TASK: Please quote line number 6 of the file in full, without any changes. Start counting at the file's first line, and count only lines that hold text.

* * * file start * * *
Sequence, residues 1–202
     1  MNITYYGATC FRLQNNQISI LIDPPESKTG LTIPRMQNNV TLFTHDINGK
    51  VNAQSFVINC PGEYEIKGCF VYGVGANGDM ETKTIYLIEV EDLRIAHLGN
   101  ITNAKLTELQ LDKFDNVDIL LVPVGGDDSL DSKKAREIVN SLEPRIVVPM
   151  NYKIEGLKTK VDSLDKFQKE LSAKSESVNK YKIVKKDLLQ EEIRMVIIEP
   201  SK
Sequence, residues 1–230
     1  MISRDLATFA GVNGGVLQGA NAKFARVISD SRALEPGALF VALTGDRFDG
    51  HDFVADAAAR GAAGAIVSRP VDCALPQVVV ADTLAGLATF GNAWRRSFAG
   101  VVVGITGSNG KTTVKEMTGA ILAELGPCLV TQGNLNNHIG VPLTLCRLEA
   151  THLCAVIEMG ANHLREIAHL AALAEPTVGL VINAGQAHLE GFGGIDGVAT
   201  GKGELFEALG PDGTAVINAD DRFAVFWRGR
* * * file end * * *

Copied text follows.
   201  SK